Funerary Shroud of Tasheretwedjahor

Painted funerary shroud of Ta-sherit-wedja-Hor
Egypt Roman Period, late 2nd century C.E.
Tempera on linen, Height x width: 190.5 x 48.7 cm (75 x 19 3/16 in.)
Gift of the Class of the Museum of Fine Arts 1954, MFA #54.993
Photo ©Joan Ann Lansberry, 2014

Difficult lighting situation compensated for as best as possible!
"The decoration of this linen shroud combines the naturalistic portrait painting of the Roman Period with motifs from Egyptian funerary mythology." (From the info card)

Indeed, it appears as though she's wearing the Egyptian motifs as a cozy blanket:

The museum website photo gives overall view.

Photo ©Joan Ann Lansberry, 2014
"In the upper register, beneath a winged scarab, the perennial mourners Isis (on [Tasherit's] right) and Nephthys (on [her] left) pour libations to their brother Osiris, who stands, shrouded, in the center. Two vertical bands have not been filled in with hieroglyphic inscriptions. Rather, there are two inscriptions in Demotic script (used to write the Egyptian spoken at that time) — one by the feet of Osiris that gives the date of burial, year 4 (or 11) in the reign of an unnamed emperor; the other behind (and actually at right angles to) Nephthys, giving the name of the deceased, Tasherytwedjahor, and her husband (or father), a priest of Wepwawet, god of Asyut." (From museum website)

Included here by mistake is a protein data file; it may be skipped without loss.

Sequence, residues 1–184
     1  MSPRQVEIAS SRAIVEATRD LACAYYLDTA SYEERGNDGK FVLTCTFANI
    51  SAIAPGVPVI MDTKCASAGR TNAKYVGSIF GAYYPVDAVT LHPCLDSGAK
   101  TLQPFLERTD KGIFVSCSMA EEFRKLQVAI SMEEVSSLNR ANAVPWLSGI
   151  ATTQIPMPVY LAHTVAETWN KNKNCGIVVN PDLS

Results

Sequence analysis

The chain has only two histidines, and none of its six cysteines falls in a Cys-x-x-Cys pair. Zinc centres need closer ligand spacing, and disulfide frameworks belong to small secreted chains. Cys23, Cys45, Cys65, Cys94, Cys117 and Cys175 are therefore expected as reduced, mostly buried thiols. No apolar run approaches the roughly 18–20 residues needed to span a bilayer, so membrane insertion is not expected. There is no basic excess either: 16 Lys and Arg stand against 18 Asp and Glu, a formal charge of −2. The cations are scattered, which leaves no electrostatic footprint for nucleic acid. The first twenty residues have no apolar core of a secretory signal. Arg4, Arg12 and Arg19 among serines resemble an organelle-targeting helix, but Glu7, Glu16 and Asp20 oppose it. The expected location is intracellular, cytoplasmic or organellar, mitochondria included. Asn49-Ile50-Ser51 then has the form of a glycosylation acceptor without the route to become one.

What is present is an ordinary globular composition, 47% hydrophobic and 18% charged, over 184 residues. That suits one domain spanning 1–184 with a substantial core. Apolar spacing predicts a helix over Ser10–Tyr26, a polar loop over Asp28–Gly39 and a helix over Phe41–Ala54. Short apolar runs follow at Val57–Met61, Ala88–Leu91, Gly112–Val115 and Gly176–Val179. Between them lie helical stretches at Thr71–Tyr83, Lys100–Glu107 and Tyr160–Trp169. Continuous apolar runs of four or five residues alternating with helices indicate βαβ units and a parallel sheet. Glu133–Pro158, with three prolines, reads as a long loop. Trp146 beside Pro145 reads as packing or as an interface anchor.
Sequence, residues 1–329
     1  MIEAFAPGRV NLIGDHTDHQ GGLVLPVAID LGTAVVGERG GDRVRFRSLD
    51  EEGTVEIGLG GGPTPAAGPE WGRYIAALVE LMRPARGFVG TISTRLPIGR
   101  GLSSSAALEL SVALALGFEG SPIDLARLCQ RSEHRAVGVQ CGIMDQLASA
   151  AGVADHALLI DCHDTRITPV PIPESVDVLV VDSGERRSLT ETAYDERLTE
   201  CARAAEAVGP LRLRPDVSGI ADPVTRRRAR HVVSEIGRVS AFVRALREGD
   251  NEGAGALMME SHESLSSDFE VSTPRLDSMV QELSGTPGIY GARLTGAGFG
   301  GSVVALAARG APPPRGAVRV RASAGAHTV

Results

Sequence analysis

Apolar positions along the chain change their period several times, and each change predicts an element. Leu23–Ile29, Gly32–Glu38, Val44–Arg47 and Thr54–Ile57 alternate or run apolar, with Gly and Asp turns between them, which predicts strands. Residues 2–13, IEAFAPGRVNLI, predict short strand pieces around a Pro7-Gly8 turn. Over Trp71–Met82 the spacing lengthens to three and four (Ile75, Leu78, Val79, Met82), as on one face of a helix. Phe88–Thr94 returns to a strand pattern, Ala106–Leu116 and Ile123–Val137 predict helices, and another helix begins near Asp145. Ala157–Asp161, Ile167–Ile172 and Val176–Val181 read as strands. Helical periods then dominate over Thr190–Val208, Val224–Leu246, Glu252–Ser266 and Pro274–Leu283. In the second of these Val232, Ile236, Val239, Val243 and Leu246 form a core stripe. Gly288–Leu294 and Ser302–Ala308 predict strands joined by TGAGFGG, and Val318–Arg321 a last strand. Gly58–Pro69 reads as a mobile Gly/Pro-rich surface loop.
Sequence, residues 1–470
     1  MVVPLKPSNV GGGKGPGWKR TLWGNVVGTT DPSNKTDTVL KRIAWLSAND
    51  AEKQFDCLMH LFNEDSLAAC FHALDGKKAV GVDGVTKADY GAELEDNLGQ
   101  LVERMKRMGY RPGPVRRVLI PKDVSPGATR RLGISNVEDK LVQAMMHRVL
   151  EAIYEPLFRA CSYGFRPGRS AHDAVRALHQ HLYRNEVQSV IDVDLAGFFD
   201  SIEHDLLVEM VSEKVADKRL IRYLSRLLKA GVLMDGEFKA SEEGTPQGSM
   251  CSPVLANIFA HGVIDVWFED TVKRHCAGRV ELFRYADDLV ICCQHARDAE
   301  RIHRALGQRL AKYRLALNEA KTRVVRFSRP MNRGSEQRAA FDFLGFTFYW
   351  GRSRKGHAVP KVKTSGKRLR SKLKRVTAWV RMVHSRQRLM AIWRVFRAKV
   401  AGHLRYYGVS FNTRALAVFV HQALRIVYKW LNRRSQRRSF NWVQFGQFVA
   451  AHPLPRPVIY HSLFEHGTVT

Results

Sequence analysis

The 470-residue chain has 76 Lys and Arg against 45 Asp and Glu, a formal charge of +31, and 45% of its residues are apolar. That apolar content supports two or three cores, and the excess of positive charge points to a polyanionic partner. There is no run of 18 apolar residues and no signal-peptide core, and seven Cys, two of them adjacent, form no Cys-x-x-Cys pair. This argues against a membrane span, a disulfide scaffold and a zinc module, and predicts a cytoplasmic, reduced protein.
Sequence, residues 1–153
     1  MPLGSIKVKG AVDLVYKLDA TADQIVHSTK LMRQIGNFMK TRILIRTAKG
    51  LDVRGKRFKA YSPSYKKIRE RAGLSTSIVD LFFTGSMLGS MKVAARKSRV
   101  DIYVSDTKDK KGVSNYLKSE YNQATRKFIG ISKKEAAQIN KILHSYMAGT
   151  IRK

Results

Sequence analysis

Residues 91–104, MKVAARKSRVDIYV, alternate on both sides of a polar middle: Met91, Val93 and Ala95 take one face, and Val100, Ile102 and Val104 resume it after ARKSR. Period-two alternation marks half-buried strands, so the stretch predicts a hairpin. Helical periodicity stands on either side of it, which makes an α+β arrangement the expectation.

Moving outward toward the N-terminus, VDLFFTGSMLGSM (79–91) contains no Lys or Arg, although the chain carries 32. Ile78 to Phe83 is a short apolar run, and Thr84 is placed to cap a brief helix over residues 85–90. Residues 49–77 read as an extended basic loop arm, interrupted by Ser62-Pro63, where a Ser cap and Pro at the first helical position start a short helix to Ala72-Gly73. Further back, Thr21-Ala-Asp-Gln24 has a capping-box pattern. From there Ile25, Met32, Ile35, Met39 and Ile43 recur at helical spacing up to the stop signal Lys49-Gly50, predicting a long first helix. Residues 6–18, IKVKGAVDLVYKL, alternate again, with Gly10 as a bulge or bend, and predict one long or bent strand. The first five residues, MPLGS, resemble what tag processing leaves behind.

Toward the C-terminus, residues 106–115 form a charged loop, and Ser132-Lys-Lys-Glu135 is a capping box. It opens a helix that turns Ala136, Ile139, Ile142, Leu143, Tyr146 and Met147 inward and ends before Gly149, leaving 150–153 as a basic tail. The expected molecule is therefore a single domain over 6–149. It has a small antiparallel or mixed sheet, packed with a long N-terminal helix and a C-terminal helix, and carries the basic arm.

Photo ©Joan Ann Lansberry, 2014
"The lower register has a variation of the classic “unification of the Two Lands” motif featuring the falcon-headed god Horus and the jackal-headed god Anubis. Here, however, instead of the sedge and the papyrus of Upper and Lower Egypt, each god tugs at a lotus, and instead of the hieroglyphic sign for “unite” in the center is a tall lotus plant. As ultimate symbol of rebirth, the blossom opens up to reveal a reclining mummy, like the sun god at the dawn of creation." (From museum website)

This is an example of the more usual "unification of the Two Lands" with the gods Set and Horus, found on a statue throne of Senwosret, featuring his throne name KheperKaRa, my own trace created from enlarging a tiny photo